A world away from the beach resorts of the Mamanucas and Yasawa Islands, the historically fascinating Lomaiviti and Lau groups radiate from the east coast of Viti Levu, eventually dissipating before a massively deep ocean trench separating Fiji from Tonga. Those who visit these enchanting islands step into the Fiji of old, where islanders fish the lagoons as a matter of necessity and travel the open seas in small boats.

As a tourist destination, the inner islands of the Lomaiviti Group are relatively developed, particularly Ovalau, home to Fiji’s charming former capital, Levuka. In comparison, the Outer Lomaiviti and the entire expanse of the Lau Group offer few facilities but will captivate the minds of the most curious of travellers. The area has a rich Tongan heritage and is popular with visiting yachts drawn to its spectacular limestone islands and bays. With over sixty islands to visit across a wide expanse of ocean, virtually no accommodation and limited transport, time and patience are the main requisites for successfully exploring this region.

Brief history

The Lomaiviti and Lau islands played a key role in the struggle for supremacy over the Fijian archipelago. By the mid-nineteenth century the ruthless Ratu Seru Cakobau, high chief of Bau, had brought much of Fiji under his control. However, the Tongans held a long association with the Lau Group, which in most parts are closer to their islands than Viti Levu. In 1848, Enele Ma’afu, a Tongan prince, was sent to Lakeba in Lau under the guise of protecting the missionaries established there. By supporting Cakobau’s enemies and plying his own brand of fierce warfare, Ma’afu soon began to dominate the region, even gaining control of Vanua Levu and Taveuni. By the 1870s, Cakobau concluded that Ma’afu had the upper hand. Fearful of a direct confrontation he decided to cede Fiji to Britain, which he believed would halt the Tongan’s conquest. The British were reluctant to accept Cakobau’s terms as he didn’t represent the united people of Fiji. So, in 1871, Cakobau rallied a few white settlers in Levuka, and, with the backing of his allied chiefs, announced himself King of Fiji. After much debate and tension, cession to Britain was completed on October 10, 1874 and Levuka became the administrative capital of the new colony. Ma’afu, his aspirations of control of Fiji halted, reluctantly accepted administration over the Lau Group.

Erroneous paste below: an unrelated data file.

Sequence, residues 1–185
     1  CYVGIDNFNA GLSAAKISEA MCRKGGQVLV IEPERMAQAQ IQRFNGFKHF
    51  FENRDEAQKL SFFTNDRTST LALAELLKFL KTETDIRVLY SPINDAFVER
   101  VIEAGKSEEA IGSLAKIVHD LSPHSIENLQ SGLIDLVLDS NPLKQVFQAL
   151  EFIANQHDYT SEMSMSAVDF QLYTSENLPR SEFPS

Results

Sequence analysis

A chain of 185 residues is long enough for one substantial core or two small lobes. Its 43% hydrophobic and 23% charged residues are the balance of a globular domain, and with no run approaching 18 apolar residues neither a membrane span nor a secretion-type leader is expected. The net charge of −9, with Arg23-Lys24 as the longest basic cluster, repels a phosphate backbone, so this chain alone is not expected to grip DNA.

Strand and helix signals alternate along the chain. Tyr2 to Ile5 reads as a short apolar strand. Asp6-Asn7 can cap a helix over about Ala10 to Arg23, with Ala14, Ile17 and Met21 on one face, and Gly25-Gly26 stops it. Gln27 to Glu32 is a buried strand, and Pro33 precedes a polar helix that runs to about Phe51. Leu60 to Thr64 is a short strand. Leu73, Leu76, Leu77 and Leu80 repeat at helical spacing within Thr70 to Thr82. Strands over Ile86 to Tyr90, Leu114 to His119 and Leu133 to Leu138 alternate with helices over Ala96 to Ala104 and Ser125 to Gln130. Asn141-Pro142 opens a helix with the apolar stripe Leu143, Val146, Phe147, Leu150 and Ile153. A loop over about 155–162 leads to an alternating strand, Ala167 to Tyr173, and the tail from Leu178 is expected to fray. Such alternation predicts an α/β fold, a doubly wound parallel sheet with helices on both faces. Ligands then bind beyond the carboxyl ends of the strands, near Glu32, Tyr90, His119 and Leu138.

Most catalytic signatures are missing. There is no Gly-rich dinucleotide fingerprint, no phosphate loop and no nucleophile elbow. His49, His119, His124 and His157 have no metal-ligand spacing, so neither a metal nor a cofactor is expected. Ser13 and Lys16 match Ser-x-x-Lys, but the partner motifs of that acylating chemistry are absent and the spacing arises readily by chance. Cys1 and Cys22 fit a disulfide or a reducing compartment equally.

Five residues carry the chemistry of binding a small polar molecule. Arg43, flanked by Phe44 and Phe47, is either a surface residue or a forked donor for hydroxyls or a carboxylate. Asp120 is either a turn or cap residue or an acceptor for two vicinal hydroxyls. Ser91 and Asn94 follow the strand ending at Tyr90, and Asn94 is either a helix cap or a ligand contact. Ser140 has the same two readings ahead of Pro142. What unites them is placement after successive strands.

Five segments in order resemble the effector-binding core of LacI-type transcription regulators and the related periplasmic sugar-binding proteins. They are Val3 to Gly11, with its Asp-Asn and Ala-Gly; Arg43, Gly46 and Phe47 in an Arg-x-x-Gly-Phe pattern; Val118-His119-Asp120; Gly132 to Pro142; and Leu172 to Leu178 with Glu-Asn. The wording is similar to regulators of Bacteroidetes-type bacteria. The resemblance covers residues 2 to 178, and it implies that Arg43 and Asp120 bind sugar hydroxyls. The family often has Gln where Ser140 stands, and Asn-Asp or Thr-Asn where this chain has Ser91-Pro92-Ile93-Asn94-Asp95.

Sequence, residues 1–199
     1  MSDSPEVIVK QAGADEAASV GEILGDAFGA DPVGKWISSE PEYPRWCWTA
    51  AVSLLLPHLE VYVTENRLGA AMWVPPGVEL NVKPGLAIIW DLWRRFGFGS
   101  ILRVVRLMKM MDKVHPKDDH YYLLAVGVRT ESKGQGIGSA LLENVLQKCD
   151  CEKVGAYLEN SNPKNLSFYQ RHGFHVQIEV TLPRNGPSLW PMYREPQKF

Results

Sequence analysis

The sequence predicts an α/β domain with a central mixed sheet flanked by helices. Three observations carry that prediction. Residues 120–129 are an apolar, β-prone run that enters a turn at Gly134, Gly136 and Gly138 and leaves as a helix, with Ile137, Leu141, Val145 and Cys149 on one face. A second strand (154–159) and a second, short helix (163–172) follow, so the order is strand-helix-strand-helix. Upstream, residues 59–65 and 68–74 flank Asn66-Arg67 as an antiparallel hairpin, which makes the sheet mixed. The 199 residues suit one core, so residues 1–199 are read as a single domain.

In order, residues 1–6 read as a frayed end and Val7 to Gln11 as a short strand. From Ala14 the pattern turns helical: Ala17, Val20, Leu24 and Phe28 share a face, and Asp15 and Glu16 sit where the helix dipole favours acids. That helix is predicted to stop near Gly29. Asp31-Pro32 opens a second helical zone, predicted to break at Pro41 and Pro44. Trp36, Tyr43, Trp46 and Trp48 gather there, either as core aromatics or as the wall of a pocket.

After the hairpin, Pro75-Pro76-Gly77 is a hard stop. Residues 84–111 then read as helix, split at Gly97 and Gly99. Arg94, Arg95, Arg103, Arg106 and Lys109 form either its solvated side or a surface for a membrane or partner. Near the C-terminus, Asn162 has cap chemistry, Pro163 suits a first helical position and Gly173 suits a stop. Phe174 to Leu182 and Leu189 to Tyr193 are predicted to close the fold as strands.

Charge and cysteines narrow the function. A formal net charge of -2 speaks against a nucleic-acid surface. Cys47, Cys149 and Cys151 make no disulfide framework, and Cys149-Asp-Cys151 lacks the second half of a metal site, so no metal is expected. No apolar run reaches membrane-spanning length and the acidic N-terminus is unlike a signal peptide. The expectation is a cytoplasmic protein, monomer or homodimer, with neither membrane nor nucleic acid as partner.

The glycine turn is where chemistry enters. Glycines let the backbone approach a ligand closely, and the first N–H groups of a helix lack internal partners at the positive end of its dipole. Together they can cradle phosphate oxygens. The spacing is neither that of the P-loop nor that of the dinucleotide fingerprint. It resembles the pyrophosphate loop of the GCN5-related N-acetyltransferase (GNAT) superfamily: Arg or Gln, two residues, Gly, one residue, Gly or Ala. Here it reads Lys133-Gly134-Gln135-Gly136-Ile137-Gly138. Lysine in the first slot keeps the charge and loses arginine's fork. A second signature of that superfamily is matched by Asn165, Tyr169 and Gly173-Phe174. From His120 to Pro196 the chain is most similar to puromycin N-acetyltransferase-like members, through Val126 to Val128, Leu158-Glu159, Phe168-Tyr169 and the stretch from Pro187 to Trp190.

Book through Rough Guides’ trusted travel partners

Fiji features

The latest articles, galleries, quizzes and videos.

Island paradise: the best resorts in Fiji

Island paradise: the best resorts in Fiji

Fiji is about as close to paradise as you can get. This South Pacific archipelago, over three hundred islands lying around 2000km east of Australia, has some of…

29 Dec 2014 • Helena Smith insert_drive_file Article
The best of the world's smallest countries

The best of the world's smallest countries

Qatar Jutting northwards into the Persian Gulf, Qatar is one of the world’s smaller nations (about the size of Yorkshire, England), but it is also the world…

29 Oct 2014 • Greg Dickinson camera_alt Gallery
10 of the best GoPro videos

10 of the best GoPro videos

Since GoPro was founded in 2004, they’ve inspired photographers to capture the world from a new angle. Today there’s a huge range of small and versatile wa…

03 Oct 2014 • Eleanor Aldridge insert_drive_file Article
View more featureschevron_right

Weekly newsletter

Sign up now for travel inspiration, discounts and competitions

Sign up now and get 20% off any ebook